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Handicapping NFL Coaching Turnover for the 2019 Season

NFL

Get immediate results or find yourself a new job. That’s what mantra in the NFL has become in recent years for head coaches and coordinators. The average tenure for a head coach heading into the 2019 season is just 3.8 years. And that includes the likes of veterans Bill Belichick (19 years as head coach of the Patriots), Mike Tomlin (13 years) and Sean Payton (13 years). Offensive and defensive coordinators turn over even more frequently in the NFL, as their average tenure checks in at only 1.4 years for defensive coordinators and a measly 1.1 years for offensive coordinators. That doesn’t exactly scream job security.

As sports bettors, we should welcome this frequent turnover in the coaching ranks with open arms. The biggest advantages to be found in any sport are typically when change occurs. That change can take many forms, but moves along the coaching carousel can present some of the best opportunities to find value. It’s much easier to project the performance of a football team when their coaching staff has been together for several years. We’ve seen what they are capable of and how they operate over a large sample of games. It becomes much more difficult to forecast a team’s fortunes when there is a new head coach running the show, or new coordinators who bring a different style and scheme. Sportsbooks and the betting markets often struggle putting a number on a team that features new coaches. As a result, more mistake lines are posted early in the season involving teams with lots of coaching turnover. Given that fact, I always start my handicapping process for the NFL by evaluating a team’s coaching staff. I focus primarily on head coaches and the offensive and defensive coordinators, as they have the most influence over the success of a team.

Let’s take a look at the list of current head coaches and coordinators for all 32 teams, with the respective year that individual has been at their current post. The highlighted coaches are in their first year.

As you can see, there’s a lot of instability across the NFL. Eight of the 32 head coaches are brand new (25%) this season. As for defensive coordinators, we have 11 new positions with a vast majority having been head coaches previously. Exactly half of the offensive coordinators (16 of 32) are newly-hired and that’s not surprising given the heavy focus on bringing in young, bright minds who can innovate (or who are connected to Sean McVay in any way).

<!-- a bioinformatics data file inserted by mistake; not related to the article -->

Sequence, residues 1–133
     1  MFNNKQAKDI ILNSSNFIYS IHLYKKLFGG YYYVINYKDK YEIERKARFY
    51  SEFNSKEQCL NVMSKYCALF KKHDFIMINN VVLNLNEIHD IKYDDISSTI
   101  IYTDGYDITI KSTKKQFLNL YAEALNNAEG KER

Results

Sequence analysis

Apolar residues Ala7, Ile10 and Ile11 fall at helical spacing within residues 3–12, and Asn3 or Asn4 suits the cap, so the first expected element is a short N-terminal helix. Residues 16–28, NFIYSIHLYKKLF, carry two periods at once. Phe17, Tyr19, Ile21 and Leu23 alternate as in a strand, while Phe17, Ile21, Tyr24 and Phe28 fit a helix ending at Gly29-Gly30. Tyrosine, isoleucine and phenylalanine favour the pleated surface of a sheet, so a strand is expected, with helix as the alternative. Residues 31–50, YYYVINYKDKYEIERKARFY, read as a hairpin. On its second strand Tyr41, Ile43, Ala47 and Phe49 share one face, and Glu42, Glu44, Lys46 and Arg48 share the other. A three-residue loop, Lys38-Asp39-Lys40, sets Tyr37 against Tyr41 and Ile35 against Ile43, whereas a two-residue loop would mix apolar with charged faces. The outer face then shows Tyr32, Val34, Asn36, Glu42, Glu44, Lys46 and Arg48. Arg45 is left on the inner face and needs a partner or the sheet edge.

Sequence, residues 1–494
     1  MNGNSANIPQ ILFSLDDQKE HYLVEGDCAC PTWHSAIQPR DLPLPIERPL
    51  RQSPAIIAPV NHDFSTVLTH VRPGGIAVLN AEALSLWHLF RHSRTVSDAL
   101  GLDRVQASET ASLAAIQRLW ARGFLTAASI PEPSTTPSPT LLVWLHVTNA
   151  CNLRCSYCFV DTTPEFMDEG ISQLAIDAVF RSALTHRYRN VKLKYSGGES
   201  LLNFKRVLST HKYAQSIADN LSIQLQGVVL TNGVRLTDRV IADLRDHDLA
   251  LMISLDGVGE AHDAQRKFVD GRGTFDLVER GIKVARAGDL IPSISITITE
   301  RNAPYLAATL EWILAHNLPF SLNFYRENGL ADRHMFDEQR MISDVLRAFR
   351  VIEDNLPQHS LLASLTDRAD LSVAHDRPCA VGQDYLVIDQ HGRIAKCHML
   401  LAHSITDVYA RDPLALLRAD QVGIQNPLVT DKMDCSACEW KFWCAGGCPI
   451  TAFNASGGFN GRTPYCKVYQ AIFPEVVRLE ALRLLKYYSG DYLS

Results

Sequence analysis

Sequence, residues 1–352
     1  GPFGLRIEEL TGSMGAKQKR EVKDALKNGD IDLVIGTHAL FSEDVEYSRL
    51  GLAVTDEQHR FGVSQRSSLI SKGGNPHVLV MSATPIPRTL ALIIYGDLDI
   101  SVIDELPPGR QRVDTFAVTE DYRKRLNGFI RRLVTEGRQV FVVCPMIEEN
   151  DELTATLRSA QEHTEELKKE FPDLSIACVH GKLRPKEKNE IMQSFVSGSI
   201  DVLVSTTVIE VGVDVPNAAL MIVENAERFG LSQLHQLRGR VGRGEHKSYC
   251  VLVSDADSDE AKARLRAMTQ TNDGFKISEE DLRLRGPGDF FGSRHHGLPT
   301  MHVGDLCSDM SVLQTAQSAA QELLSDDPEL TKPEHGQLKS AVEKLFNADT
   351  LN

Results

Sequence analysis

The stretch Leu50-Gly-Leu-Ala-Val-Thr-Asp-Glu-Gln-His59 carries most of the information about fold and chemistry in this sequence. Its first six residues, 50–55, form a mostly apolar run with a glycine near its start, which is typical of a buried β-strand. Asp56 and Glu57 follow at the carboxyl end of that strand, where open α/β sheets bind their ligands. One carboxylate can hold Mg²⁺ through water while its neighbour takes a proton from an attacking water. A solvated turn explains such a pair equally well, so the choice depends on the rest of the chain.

Seven of the eight new head coaches brought in their guys to fill the OC and DC positions. The lone exception was in Green Bay, where DC Mike Pettine was able to keep his job despite the hiring of new head coach Matt LaFleur (OC Nathaniel Hackett was a new hire however).

When hiring a new head coach, organizations generally bring in someone that presents a drastically different style than their predecessor. In Arizona, the Cardinals fired the defensive-minded Steve Wilks in exchange for collegiate offensive guru Kliff Kingsbury. The Buccaneers let go of the conservative Dirk Koetter and replaced him with risk-taker Bruce Arians. These organizations want change and the easiest way to accomplish that is to find someone who has a vastly different philosophy.

Let’s bring the discussion back to sports betting and see if can identify some situations where the betting markets may not be fully appreciating the effect of coaching turnover properly. Here are a few places where I suspect that we could find some value in terms of new offensive coordinators:

Dallas – The Cowboys let go of Scott Linehan and brought in Kellen Moore to be their new OC. The offense became predictable and stale under Linehan in recent years. Linehan was a huge believer in establishing the running game at all costs, sometimes to the detriment of the offense. Moore is a bright mind who thinks outside the box. We’ve already heard grumblings that you’ll see more throws downfield and Dak Prescott has openly said he’s working on his deep game more this offseason. We will likely see more spread formations, especially after the success of the offense in the second half of last season after acquiring Amari Cooper from the Raiders. This could be a more high-powered Cowboys offense in 2019 if head coach Jason Garrett doesn’t get in the way.